Dr. Eldad’s presentation was particularly important, since the position of Israel is so crucial to the rest of the Western world. Israel, as a bastion of democracy in a despotic region, is on the front lines of the resistance to jihad. One of the major points of agreement among the participating organizations was the necessity for support of Israel.
On the second day, the conference reconvened at the Flemish Parliament. The day’s events consisted of workshops and a final plenary meeting before the conference concluded. During the day attendees broke up into smaller groups and attended facilitated workshops on practical ways to effect political and legislative change that could slow the spread of sharia in Europe.
Counterjihad Vienna was held on May 11-12, 2008. This meeting took the form of facilitated workshops interspersed with talks and general discussion. Topics included civil liberties, the repression of free speech, and the implications of the proposed European Arrest Warrant for activists who oppose sharia and Islamization.
The evening keynoter on the 11th was Serbian-American historian Dr. Srdja Trifkovic, whose expertise on the Ottoman conquest of the Balkans provided a fresh perspective on Islamization.
Attendees came from Austria, the Czech Republic, Denmark, Finland, Flanders, Germany, Norway, Poland, Serbia, Spain, Sweden, Switzerland, the UK, and the USA.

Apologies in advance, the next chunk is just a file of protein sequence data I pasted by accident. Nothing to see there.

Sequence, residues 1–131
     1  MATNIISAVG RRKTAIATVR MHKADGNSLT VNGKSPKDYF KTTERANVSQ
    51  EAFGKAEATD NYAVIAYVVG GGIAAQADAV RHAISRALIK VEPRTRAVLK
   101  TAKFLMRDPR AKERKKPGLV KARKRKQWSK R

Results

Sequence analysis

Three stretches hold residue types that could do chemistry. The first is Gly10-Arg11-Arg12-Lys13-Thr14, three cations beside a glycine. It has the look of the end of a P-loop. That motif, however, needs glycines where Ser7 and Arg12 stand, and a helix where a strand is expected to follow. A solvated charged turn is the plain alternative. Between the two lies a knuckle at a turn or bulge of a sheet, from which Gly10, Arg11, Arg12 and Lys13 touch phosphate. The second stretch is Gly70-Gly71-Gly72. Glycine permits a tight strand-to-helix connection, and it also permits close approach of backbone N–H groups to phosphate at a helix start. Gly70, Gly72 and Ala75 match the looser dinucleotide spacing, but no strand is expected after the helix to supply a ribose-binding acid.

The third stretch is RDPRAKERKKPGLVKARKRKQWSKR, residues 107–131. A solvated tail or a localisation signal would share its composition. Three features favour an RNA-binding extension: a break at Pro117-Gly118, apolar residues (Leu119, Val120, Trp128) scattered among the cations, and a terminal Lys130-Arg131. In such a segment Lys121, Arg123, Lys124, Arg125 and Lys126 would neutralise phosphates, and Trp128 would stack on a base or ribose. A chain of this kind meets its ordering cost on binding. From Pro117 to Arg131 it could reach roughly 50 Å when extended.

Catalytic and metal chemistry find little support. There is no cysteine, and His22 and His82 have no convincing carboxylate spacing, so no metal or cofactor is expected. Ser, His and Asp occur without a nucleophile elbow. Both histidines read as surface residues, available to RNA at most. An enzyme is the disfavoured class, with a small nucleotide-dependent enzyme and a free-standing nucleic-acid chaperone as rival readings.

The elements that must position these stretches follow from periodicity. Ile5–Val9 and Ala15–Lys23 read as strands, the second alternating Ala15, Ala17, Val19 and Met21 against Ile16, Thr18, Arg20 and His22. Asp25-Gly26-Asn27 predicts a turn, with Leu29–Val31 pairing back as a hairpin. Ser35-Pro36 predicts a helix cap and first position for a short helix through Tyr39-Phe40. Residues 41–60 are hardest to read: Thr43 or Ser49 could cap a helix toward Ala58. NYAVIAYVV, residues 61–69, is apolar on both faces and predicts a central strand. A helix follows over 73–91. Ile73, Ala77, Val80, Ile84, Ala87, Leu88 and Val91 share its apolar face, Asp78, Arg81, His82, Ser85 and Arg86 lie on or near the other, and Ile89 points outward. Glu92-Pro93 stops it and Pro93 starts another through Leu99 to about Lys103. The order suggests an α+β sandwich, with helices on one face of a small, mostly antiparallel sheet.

A transatlantic leadership group convened for Counterjihad Copenhagen on May 16-17, 2009, with attendees from Austria, Denmark, Finland, France, Germany, Hungary, Romania, Serbia, Sweden, Switzerland, the UK, and the USA.
This meeting took the form of facilitated discussion groups held in the plenary. The sessions focused on helping different groups improve their organizational skills, suggesting different techniques that could be adapted for the unique circumstances found in individual countries.
Topics covered included media operations, security, the use of the internet, international coordination of anti-sharia action, and strategies for dealing with the growing repression of free speech in Europe.
Counterjihad Zurich, held on June 12-13, 2010, followed up on Copenhagen with a continuing emphasis on intensifying cooperation and sharing of information among different groups and networks. Representatives came from Austria, Denmark, France, Germany, Switzerland, the UK, and the USA.
As in Vienna and Copenhagen, the sessions were mostly in workshop format, with moderated general discussion in a roundtable format. The English Defence League, which had come into being and risen in importance since the previous year’s meeting, was one of the prominent topics.